• No, I dont believe its an old wives tale :)
     
  5. 182

    182

    Thanks for showing us your tips :p
    Really great guide. Extremely helpful. I will definitely give this a try.
     
  6. Massively helpfull I'll be going down this route next year I reckon ! Thanks for the tutorial.
     
  7. PyroBoris

    PyroBoris Pro Firer/Crew

    Really good write up @K9Girl, that's pretty much what I did this year, only not as neatly or elegantly! When I put the ematch into the QM tube, I also stuck a bit of extra visco in there as a back up in case the ematch was a dud, or the firing unit failed for whatever reason.
     
    K9Girl likes this.
  8. Cullann

    Cullann Pro Firer/Crew

    That's an impressively comprehensive tutorial @K9Girl !
    I'm with @Alan though, if you've already poked a hole in the tube then why not put the igniter straight in?
     
    deans6571 likes this.
  9. K9Girl

    K9Girl Tinsel Town Sales Reduction Ambassador Supports UKFR

    I think it was a work in progress really. I didn't want to do the final e-matching until closer the day in the garage at the firing site, I did the initial bit, i.e. the bottom taping and sleeve a few weeks before at home, just went from there I suppose................... Would you insert just the e-match head with the shroud pulled back or try for the whole thing?
     
  10. Cullann

    Cullann Pro Firer/Crew

    Personally I would risk it, but then my middle name is 'Danger'. Very carefully, of course, and following all your safety precautions (my first name is 'Avoid'!).
     
  11. Very good and helpful.

    Thanks for spending the time to share it and take the pictures which really help.
     
    K9Girl likes this.
  12. If I may just give a bit of advice here & please don't take this the wrong way, if cutting QM I would recommend using ceramic scissors as metal scissors can cause friction when cutting QM, SAFETY 1st:)
     
    Fawke Handles and K9Girl like this.
  13. Cullann

    Cullann Pro Firer/Crew

    Correct me if I'm wrong, but isn't the reason for using non-ferrous tools - such as ceramic scissors and brass pokes - less about eliminating friction (unfortunately I don't think that is possible) but about eliminating any chance of a spark.
    Since the (theoretical) chance of friction ignition is always there it's good practise when cutting QM from a roll to uncurl an arms length more than you need. That way, should the worst happen and the whole roll goes up at once, it will at least be an arms length away.
     
    K9Girl likes this.
  14. Correct me if I'm wrong, but if any one remembers what happened in Italy this year when a Pro firer cut some QM with normal scissors, the shell attached to the QM went up killing the Firer.
    That's why we use ceramic scissors & knifes & yes as Cullann says uncoil the roll of QM & cut at arms length.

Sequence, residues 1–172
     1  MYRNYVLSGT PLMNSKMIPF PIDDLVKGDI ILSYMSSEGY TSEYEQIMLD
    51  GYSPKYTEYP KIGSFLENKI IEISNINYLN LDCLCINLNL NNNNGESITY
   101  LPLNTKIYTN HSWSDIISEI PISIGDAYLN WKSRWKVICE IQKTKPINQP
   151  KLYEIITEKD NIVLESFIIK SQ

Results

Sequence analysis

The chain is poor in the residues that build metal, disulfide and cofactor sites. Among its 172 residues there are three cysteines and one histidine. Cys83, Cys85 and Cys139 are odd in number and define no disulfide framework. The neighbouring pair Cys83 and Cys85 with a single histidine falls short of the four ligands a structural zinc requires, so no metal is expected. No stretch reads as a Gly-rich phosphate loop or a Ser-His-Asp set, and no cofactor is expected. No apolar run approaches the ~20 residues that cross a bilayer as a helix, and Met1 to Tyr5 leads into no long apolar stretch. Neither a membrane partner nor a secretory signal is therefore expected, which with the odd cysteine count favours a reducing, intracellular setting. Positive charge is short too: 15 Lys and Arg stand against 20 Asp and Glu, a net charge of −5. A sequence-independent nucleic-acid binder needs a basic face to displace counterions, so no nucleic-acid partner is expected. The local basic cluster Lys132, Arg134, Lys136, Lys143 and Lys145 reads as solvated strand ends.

QM requires the upmost respect.
     
  15. Good tip and, personally, I think the most important thing you can do is wear safety goggles/specs.

    John, I think Cullan was suggesting that friction can be generated from ceramic scissors as well as metal scissors. With that Italy example, surely the most important thing is to cut your QM BEFORE you attach any part of a length to any pyro?
     
  16. Yes SydB, I agree with what Cullan says that friction can be generated by ceramic scissors, but just wont cause a spark to ignite,
    And the number of people I have seen with shells on there Knees & the cutting the QM, FFS WHY???, if for some strange reason you have to shorten the QM on a shell & I don't know why you should, then place the shell in the Mortar Tube, so if it does go off, it will go up in the air & not blow you to bits.
    They were some pictures on here the other week with a display company fires doing what I have mentioned cutting QM with shells on there knees:(
     
    SydB likes this.
  17. I thought the preferred tool for cutting QM was anvil pattern shears (as used by florists -a single blade closes against a flat surface) rather than scissors?
     
  18. Some may do Alan, I'm just saying that our company users ceramic, at the end of the day I suppose its up to the individual are company policy.
     
  19. Fired a few Weco shot tubes and a small cake last night by feeding an unshrouded e-match into the first tube where the visco enters. With the shot tubes I was able to remove the visco once I'd enlarged the hole; with the cake the visco was fixed pretty firmly so rather than forcing it out I enlarged the hole and fed the e-match in right next to the visco. All went well and fired with instant ignition. Happy days.
     
    K9Girl likes this.
  20. This is an amazing post. I can't get hold of a grass awl. Do you think I would be okay to make the hole by using a brass wood screw? I am guessing as long as it's brass and has a sharp point, enough to make the hole I should be fine right?

    http://www.screwsline.co.uk/categories/wood_screws/brass/